Macroeconomic adjustment with import price shocks
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Macroeconomic adjustment with import price shocks real and monetary aspects by Bruno, Michael.

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Published by Institute for International Economic Studies in Stockholm, Sweden .
Written in English


  • Raw materials -- Prices -- Mathematical models.,
  • Commerce -- Mathematical models.

Book details:

Edition Notes

Bibliography: leaves 37-38.

Statementby Michael Bruno and Jeffrey Sachs.
SeriesSeminar paper / Institute for International Economic Studies, University of Stockholm,, no. 118, Seminar paper (Stockholms universitet. Institutet för internationell ekonomi) ;, no. 118.
ContributionsSachs, Jeffrey.
LC ClassificationsHF1051 .B78
The Physical Object
Pagination38, 10 leaves :
Number of Pages38
ID Numbers
Open LibraryOL3811386M
LC Control Number81118515

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Reports. Macro-Economic Adjustment with Import Price Shocks: Real and Monetary Aspects. Bruno, Michael; Sachs, Jeffrey D.. In this paper we explore in detail the various ways by which the introduction of intermediate imports affects the comparative statics and the dynamics of adjustment in Cited by: MACRO-ECONOMIC ADJUSTMENT WITH IMPORT PRICE SHOCKS: REAL AND MONETARY ASPECTS Michael Bruno Jeffrey Sachs Working Paper No. NATIONAL BUREAU OF ECONOMIC RESEARCH Massachusetts Avenue Cambridge, MA April The research reported here is part of the NBER's research program in International Economics.   The importance of integrating the role of intermediate imports into a theory of macro-economic adjustment derives from the particular set of events that have affected the industrial economies in the 's -- the unprecedented rise in raw materials prices, in particular the oil price shock, and the concomitant inflation and widespread by: Macro-Economic Adjustment With Import Price Shocks: Real and Monetary Aspects. April ; Micro Impacts of Macroeconomic Adjustment Policies (MIMAP): A Framework Paper and .

15 Macroeconomic Adjustment under Wage-Price Rigidity good units w/po can be written as the ratio wl/brium in the home-goods market can thus be defined as (4) Do = x: xs, Do(IT,w1;z) = 0, where z is the set of exogenous variables (IT*, Y*,Oi,Ki, etc.). As shown in the appendix, the assumptions made so far guarantee that. The text of this book is composed in Baskerville, with Aggregate-Price Adjustment 78 Import and Export Prices 79 Import Prices 80 Export Prices 82 Drawing the Shocks Macroeconomic Performance Comparative Performance for One Draw of Shocks WITH THE harsh macro-economic shocks of the s and s, attention has turned increasingly to macroeconomic adjustment in developing countries.A recent World Bank study shows that it is not so much external shocks but domestic responses that determine a country’s success or failure. be adjustments to the market to compensate for shocks to AD or SAS. Shocks to Aggregate Demand There are two types of shocks: (1) expansionary and (2) contractionary. An expansionary shock Lmeans an increase in aggregate demand, raising both the price level (P0 to P1) and real GDP (Y* to Y) [indicated by black arrow].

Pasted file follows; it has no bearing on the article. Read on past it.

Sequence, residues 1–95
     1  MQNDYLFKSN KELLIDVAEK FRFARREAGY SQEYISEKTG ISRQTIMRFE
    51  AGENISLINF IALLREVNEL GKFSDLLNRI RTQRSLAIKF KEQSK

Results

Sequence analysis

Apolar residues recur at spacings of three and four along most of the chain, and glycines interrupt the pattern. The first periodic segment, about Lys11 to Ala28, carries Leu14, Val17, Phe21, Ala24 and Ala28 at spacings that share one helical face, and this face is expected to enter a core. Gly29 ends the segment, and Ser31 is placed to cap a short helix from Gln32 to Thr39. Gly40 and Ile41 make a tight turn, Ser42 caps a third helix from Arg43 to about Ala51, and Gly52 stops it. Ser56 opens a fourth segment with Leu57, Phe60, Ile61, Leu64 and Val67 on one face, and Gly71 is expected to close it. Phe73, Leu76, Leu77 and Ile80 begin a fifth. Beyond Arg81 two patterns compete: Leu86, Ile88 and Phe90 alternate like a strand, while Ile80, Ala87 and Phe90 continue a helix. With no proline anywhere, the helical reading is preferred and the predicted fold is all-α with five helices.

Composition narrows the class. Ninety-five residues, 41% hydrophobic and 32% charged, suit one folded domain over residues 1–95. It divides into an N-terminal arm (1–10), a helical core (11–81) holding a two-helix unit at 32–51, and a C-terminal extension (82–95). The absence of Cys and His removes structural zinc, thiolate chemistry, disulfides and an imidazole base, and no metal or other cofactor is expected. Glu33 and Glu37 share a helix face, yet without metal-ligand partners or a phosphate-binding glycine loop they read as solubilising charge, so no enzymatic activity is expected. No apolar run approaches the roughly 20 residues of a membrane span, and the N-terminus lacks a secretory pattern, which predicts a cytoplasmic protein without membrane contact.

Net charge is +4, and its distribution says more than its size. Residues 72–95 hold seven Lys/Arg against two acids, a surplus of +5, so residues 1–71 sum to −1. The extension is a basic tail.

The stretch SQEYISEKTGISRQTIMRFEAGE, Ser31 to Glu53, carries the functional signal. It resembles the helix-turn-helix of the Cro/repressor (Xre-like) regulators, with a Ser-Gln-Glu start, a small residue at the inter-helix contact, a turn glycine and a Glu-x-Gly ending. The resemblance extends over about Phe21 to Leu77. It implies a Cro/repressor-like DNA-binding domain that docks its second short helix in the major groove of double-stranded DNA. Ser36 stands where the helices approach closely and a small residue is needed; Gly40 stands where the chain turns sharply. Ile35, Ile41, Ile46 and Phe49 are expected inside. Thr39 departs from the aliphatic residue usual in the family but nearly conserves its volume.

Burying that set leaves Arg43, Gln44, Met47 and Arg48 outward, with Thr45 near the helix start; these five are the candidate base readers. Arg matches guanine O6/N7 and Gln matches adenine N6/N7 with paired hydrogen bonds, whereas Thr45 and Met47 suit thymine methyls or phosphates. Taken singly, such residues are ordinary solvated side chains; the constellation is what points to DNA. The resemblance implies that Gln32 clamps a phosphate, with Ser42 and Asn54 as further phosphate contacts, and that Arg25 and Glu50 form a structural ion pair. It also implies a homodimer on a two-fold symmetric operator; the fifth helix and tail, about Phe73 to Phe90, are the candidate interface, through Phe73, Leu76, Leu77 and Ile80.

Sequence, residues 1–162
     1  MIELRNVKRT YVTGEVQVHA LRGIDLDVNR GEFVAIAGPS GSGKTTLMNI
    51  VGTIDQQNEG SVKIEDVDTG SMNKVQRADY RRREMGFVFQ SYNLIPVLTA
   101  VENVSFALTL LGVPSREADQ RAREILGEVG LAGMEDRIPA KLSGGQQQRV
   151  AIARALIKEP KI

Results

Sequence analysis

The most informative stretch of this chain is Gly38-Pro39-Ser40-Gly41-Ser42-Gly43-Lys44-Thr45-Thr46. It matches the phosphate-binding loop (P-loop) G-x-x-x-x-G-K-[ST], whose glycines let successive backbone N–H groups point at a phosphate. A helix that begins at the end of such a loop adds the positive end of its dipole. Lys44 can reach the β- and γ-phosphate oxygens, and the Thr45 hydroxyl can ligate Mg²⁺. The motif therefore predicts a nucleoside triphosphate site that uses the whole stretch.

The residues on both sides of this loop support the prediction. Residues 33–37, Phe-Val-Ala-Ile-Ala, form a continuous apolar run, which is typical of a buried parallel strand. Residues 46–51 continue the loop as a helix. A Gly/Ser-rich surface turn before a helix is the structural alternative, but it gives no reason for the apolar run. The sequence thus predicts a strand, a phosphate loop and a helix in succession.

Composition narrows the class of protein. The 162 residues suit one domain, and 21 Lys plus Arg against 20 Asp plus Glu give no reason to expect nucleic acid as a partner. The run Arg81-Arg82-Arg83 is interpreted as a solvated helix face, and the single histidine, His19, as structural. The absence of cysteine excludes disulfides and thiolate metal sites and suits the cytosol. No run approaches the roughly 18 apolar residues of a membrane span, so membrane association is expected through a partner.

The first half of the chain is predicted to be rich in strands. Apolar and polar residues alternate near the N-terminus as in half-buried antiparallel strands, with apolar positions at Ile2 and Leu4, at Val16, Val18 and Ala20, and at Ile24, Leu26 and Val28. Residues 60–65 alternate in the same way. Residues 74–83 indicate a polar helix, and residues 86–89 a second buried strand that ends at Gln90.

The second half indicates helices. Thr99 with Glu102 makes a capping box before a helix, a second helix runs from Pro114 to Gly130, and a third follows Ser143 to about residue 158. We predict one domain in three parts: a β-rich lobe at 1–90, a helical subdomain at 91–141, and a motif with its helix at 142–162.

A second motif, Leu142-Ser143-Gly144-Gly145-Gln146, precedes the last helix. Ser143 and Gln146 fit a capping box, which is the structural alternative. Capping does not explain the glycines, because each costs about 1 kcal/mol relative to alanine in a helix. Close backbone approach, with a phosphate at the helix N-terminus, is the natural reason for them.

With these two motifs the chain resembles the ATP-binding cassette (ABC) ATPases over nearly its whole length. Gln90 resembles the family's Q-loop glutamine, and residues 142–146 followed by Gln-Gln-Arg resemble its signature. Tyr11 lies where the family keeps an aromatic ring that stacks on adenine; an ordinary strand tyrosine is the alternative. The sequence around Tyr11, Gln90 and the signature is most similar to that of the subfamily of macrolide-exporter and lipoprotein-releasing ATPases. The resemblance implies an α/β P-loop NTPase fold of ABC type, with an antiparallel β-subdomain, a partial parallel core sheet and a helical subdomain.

Shocks in Global Economy: Impulse Model of Macroeconomic Cycle: /ch This chapter represents an attempt to analyze the role of shocks (impulses) in business cycles in the world economy in connection with the global financial. found that oil price shocks are the main cause of output fluctuations (see Mehrara and Oskoui, ; El Anshasy and Bradley, ). On the contrary, Iwayemi and Fowowe () illustrate that the impa ct of oil price shocks on Nigerian (a purely oil -exporting country) macroeconomic variables is low. Adjustment following terms-of-trade shocks has been studied in the macroeconomic literature broadly. Open-economy macro models indicate that a In this situation, negative export price shocks cause adjustment on the import side as a result of FX rationing (see, for . This paper examines the macroeconomic effects of an adverse oil price shock under different exchange rate and fiscal policy arrangements in 40 oil-exporting countries from to using panel vector autoregression techniques. The results show that output and government consumption fall in response to an oil price decline. However, the output response is significantly smaller and smoother.